Hannah Khalique-Brown kneels in a grass field in The Undeclared War.
Playground Entertainment/Peacock

In its second half, the series often turns its attention to Saara’s personal relationships, including a superfluous love triangle that begins to grow between herself, her activist boyfriend, James (Edward Holcroft), and Richardson-Sellers’ Kathy. By doing so, The Undeclared War ultimately fails to strike the right balance between melodrama and espionage.

The series’ unyielding focus on Saara’s romantic troubles is particularly baffling considering how genuinely compelling The Undeclared War’s cybersecurity sequences are. Kosminsky constructs many of the series’ GCHQ scenes out of long, handheld camera takes, which follow the organization’s workers through various rooms and halls as they race to try to get on top of the attacks that are being launched against them. These sequences, as well as many of the show’s hacking scenes, are thrillingly executed, and they feel propulsive in a way that so many of The Undeclared War’s weaker sections do not.

Unfortunately, the show’s attempts to weave its flatly drawn melodramatic subplots into its tightly wound, overarching espionage story are the source of The Undeclared War’s biggest problems. At times, the series feels as thrilling and involving as anything you’ll likely see on TV this year. However, there are other instances when The Undeclared War feels no more special or well-realized than a daytime TV soap opera.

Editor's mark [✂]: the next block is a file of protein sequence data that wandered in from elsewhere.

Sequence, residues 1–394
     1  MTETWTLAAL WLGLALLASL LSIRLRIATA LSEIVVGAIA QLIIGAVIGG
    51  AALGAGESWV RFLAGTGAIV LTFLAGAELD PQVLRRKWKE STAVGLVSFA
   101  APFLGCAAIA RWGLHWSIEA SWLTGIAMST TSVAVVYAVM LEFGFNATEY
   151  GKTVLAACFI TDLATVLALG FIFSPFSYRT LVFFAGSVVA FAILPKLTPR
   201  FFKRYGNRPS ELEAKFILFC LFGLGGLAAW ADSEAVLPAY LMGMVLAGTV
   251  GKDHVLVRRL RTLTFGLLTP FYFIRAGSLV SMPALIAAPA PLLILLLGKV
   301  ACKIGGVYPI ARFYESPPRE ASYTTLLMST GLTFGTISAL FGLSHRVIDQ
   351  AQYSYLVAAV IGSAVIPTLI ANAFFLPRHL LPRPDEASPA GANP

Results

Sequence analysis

Mark Rylance stands near a window in The Undeclared War.
Playground Entertainment/Peacock

The show’s narrative shortcomings, thankfully, do not impact the performances given by its cast members, many of whom turn in strong work throughout The Undeclared War’s six episodes.

That’s especially true when it comes to The Outfit‘s Mark Rylance, who injects the series with his usual quiet gravitas. Simon Pegg, meanwhile, turns in a delightfully understated performance as Danny, a man who is decidedly not prepared for the severity of the threat he finds himself facing in The Undeclared War. Although the series’ latter installments turn Saara into an increasingly passive and reactive protagonist as well, Hannah Khalique-Brown always manages to deftly navigate and portray her character’s intense internal conflict.

The Undeclared War | Official Trailer | Peacock Original

In its final moments, The Undeclared War does also succeed at bringing its story to a close on a satisfyingly somber, bittersweet note, one that makes it clear just what kind of sacrifices have to be made in order to maintain peace during a time when the click of a computer mouse can do more damage than most bombs. That’s a message that is undeniably important to remember these days, which is why it’s such a shame that The Undeclared War doesn’t communicate it as smoothly as it could have.

The Undeclared War begins streaming Thursday, August 18 on Peacock. Digital Trends was given access to all six of the show’s episodes.

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Alex Welch
Alex is a TV and movies writer based out of Los Angeles. In addition to Digital Trends, his work has been published by…